Corn Elder made it out to a couple of basketball practices in January when he realized he wanted to focus on football.
“It was pretty difficult for me to choose,” Elder, a two-sport star in high school, said last month on football media day.
If Saturday night’s season-opening performance was any indication, the 5-10, 183-pound junior from The Ensworth School in Nashville, Tenn., made a smart decision.
He sparked the Hurricanes defense with a 12-yard sack on the third play from scrimmage and then electrified the crowd twice with punt returns for touchdowns in the second quarter. The first punt return — which measured 70 yards —- didn’t count because teammate Herb Waters waved off the return before Elder scooped up a bouncing ball, according to officials.
“I was just thinking I hope I get a chance to bring another one back,” Elder said.
He did. Elder took that one back 72 yards with 1:37 left in the first half and put the Hurricanes up 31-0 at the half.
“He’s so laterally quick,” UM coach Al Golden said. “He and Braxton [Berrios] were No. 1 and No. 2 coming in [on punt return], and he did a great job with the football. Corn is that kind of kid. There’s not much that he can’t do, in terms of what you ask him to do. I thought he read the [punts] really well, and he hit [the hole] with a lot of courage and that’s what made it happen.”
Elder, a four-star recruit who was ranked the nation’s seventh-best running back by Rivals.com coming out of high school, moved to cornerback the first day he stepped on campus in Coral Gables.
He’s spent the last two seasons learning the position, getting on the field for the most part in nickel-and-dime situations behind veterans. This season, though, his role is expanding. Although he didn’t start Saturday (junior Artie Burns and senior Tracy Howard did), defensive coordinator Mark D’Onofrio said he considers Elder one of three starters at cornerback.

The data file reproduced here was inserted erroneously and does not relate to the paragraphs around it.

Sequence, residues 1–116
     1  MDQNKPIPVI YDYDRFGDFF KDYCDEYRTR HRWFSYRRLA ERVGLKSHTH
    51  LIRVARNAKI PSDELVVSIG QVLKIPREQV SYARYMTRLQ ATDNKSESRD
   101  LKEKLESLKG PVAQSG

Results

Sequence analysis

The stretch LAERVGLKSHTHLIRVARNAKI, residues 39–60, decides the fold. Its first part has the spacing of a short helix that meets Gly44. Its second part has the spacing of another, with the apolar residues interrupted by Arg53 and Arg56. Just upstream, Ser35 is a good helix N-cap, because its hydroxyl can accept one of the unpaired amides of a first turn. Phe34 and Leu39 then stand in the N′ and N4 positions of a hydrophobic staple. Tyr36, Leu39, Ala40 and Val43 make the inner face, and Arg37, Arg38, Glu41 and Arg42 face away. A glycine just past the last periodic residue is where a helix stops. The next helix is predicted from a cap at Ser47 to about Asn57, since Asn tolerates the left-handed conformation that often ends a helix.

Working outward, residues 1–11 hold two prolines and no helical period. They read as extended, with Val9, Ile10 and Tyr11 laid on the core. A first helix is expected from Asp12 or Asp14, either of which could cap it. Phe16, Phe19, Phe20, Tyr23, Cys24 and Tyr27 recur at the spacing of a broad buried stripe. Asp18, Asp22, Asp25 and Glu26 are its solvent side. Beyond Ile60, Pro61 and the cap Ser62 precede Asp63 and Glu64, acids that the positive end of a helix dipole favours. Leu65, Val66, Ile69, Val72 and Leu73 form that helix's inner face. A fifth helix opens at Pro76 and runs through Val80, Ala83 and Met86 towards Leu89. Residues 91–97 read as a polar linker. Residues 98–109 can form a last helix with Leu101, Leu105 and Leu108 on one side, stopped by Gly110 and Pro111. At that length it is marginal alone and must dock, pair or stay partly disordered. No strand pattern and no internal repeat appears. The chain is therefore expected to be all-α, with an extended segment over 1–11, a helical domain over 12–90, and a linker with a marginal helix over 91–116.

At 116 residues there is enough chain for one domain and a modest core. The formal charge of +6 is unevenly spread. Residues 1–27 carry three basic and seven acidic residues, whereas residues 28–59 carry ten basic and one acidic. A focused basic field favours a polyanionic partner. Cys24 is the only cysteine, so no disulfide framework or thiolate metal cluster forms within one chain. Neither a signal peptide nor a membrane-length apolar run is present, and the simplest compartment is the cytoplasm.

His sack on Bethune-Cookman’s opening drive was one of a handful of times he and other defensive backs blitzed on Saturday. The Hurricanes ranked 68th last season in sacks (2.08 per game) and 105th in tackles for loss (4.92), two areas Golden and D’Onofrio have both stressed need to improve.
Elder had two tackles for loss Saturday and a pass breakup. Last year, he played in 13 games, made one start and had 34 tackles, three for loss, two fumble recoveries and four pass breakups.
Elder said he spent most of his off-season studying tape of Pro Bowl cornerback Darrell Revis.
“It’s definitely different,” Elder said toward the end of training camp of his comfort level on defense. “I feel like I’m a lot better and I feel like the team is a lot better. I know the defense more. I’m trying to get better every day.
“We all know the defense pretty well. We’re all out there having fun. When someone messes up we hold each other accountable. Last year, we’d mess up and we didn’t know what we did. Now, we mess up and we’re not afraid to take the blame and correct it.”
Defense isn’t the only area Elder is going to be able to help the Hurricanes this season.
Sophomore Berrios, who earned the starting job on punt returns out of camp, went down with what appeared to be a serious knee injury in the first quarter Saturday.
Elder replaced Berrios and called for a fair catch on his first punt return. The next two times Elder touched the ball on punt returns, he found the end zone.
He did that a lot in high school. Known for his speed and elusiveness, Elder finished his prep career with 6,351 yards rushing, 84 touchdowns and three consecutive state titles. He also led his school to back-to-back state basketball titles.
Saturday, had his teammate not waved his hands before Elder scooped up the ball and returned it 70 yards for a score, Elder would have become the first Hurricane to return two punts for a touchdown in the same game since Devin Hester did it Sept. 18, 2004 against Louisiana Tech.
“We spent the whole week planning for the punt return and the guys just opened the hole for me,” Elder said. “I just like having the ball in my hands.”